I saw rock ‘n’ roll’s past, and its name is Bruce Springsteen. A singer once famously dubbed “the future” of his genre by his eventual manager, the Boss across four decades has become an icon, a musical force, a voice of moral authority and, above all, a consistently confident performer, bandleader, songwriter and collaborator.
Over the years, Springsteen has won Grammys, feted presidents with his hearty husk, worked with Pete Seeger, examined Irish music, written “Born to Run” and a few dozen other stone cold man-rock classics, earning him an army of devoted followers who treat him as a compass. At times, I’ve been one of them.
As anyone who’s ever endured Springsteen’s album “Human Touch” can attest, though, his genius is fallible, and his latest album, “High Hopes,” suggests a past threatening to overtake him.
A dozen songs culled from a decade’s worth of unreleased material, his 18th studio album is like a slide show, offering previously showcased material and extant studio recordings. It also includes covers of synth-punk band Suicide’s “Dream Baby Dream” and post-punk band the Saints’ “Just Like Fire Would.”
In doing so, the album not only presents an overview of his last decade of stylistic accents and inclinations — a banjo here, a gospel choir there, brass punctuation, many Tom Morello guitar solos — but it also gathers music that hasn’t landed on one of his Columbia releases over the last decade-plus.
If “High Hopes” were a new model year car, it would be a midsize six cylinder with factory hubcaps, good gas mileage and just enough spunk to zip past the wood-paneled minivans on the two-lane. Something that looks pretty good, runs extremely well and hums, but certainly isn’t going to turn heads of Jersey girls combing hair in rearview mirrors on the boulevard (let alone the boys trying to look so hard).
“Harry’s Place,” for example, feels like mechanized replica of a Boss song, typically well-played and arranged but forgettable. It’s an outtake from the 2002 sessions for “The Rising,” and Springsteen was right to cut it then. “When Harry speaks it’s Harry’s streets,” he sings of a grumpy bar owner. “In Harry’s house it’s Harry’s roads/You don’t wanna be around, brother, when Harry scolds.”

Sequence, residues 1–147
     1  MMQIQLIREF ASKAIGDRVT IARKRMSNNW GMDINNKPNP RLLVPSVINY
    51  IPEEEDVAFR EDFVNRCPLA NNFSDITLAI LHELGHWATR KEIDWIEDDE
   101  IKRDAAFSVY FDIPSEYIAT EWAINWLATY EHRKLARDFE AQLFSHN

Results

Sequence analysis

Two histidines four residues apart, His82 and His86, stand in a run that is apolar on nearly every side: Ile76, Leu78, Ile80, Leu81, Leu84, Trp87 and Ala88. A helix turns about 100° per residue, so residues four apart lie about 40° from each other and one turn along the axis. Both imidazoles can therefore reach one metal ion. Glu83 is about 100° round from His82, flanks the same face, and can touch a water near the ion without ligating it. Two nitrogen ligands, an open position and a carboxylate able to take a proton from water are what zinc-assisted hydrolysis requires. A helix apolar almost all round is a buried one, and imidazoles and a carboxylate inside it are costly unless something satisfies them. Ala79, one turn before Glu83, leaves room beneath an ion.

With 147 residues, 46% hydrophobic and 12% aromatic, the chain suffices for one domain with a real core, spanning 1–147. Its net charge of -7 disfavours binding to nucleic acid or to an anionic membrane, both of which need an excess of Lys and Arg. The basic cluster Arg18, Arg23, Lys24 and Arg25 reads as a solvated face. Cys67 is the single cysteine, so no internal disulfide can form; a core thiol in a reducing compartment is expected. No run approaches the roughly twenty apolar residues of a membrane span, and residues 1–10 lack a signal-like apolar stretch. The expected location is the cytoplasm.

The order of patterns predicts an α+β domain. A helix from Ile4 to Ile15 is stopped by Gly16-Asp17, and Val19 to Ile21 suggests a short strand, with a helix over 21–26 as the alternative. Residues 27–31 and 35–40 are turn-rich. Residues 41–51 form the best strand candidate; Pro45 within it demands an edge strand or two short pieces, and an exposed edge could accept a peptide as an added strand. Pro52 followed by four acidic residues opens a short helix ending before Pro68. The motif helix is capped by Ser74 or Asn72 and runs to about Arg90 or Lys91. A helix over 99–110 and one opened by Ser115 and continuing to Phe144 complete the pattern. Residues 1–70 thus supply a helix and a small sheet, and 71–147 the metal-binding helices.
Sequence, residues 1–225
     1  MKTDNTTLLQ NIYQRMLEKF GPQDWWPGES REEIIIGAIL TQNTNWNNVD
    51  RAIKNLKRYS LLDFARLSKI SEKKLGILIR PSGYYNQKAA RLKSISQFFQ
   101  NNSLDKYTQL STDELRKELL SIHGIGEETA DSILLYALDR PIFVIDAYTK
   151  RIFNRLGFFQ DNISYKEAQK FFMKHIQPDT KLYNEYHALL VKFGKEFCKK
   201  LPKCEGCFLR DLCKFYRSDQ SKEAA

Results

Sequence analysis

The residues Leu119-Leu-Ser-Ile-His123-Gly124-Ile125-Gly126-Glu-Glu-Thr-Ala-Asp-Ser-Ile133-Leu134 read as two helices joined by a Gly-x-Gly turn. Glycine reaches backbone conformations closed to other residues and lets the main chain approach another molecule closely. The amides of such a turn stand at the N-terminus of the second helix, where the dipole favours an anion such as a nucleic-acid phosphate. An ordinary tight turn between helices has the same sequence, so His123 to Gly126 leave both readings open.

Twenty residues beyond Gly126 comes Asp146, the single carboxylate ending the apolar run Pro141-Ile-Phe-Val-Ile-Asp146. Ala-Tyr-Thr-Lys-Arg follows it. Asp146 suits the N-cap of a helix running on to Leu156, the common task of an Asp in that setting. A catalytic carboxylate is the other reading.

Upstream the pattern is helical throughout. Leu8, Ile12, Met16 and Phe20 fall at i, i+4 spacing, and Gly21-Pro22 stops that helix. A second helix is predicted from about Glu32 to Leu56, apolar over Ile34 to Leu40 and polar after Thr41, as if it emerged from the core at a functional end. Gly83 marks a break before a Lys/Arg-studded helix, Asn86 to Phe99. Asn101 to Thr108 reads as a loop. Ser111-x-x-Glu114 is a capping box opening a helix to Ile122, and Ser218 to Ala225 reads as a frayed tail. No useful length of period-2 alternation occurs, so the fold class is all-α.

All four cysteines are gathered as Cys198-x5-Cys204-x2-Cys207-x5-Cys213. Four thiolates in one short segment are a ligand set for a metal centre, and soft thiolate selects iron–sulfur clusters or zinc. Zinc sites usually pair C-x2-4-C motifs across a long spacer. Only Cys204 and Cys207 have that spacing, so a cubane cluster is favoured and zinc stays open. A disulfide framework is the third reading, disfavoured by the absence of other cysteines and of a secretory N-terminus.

Similarly, “Down in the Hole” co-opts much of the title of a perfectly great Tom Waits song in service of a one-dimensional lyrical portrait of a lovelorn gravedigger “buried to my heart here in this hurt.” The lyric is rescued, though, by a surreal orchestral arrangement that suggests the score to a John Ford western or an Aaron Copland diversion.
A number of songs on “High Hopes” feature Springsteen’s most recent touring instrumental muse, guitarist Morello (Rage Against the Machine, Audioslave). Here, he tears through an electrified version of “The Ghost of Tom Joad,” a tag team with Springsteen that peaks with a wailing Morello guitar solo. The song has been a highlight of recent shows — but this recording doesn’t similarly levitate. On “American Skin (41 Shots),” however, Morello injects fury into Springsteen’s oft-performed song about the 1999 shooting of Amadou Diallo.
As a player, Morello can be a six-stringed Glen Hansard, though — an artist so excited with his own powerful technique that after a few astounding runs it starts to overwhelm — and then grate. At his loudest, as on the otherwise superior opener “High Hopes,” Morello broadsides the E Street Band with a stylistic collision that’s abrasive and confusing.
A few interior accents offer glimpses into Springsteen’s more understated muse. The best of them, “Hunter of Invisible Game,” is a grand departure, and a perfectly realized 4:40.
A haunting meditation on faith, longing and intimacy, “Invisible Game” sees Springsteen singing of a burning scarecrow and wandering confusion. “Strength is vanity and time is illusion/I feel you breathing, the rest is confusion,” he sings. “Your skin touches mine, what else to explain?/I am the hunter of invisible game.”
Any artist who pens such a lyric has earned the right to drop a few duds from time to time. “High Hopes” has its share. When your Springsteen itch needs scratching, only a few of these even three months from now are going to pass muster. But it’s not like you’ll be starved for choices.
Two and a half stars
Albums are rated on a scale of four stars (excellent), three stars (good), two stars (fair) and one star (poor).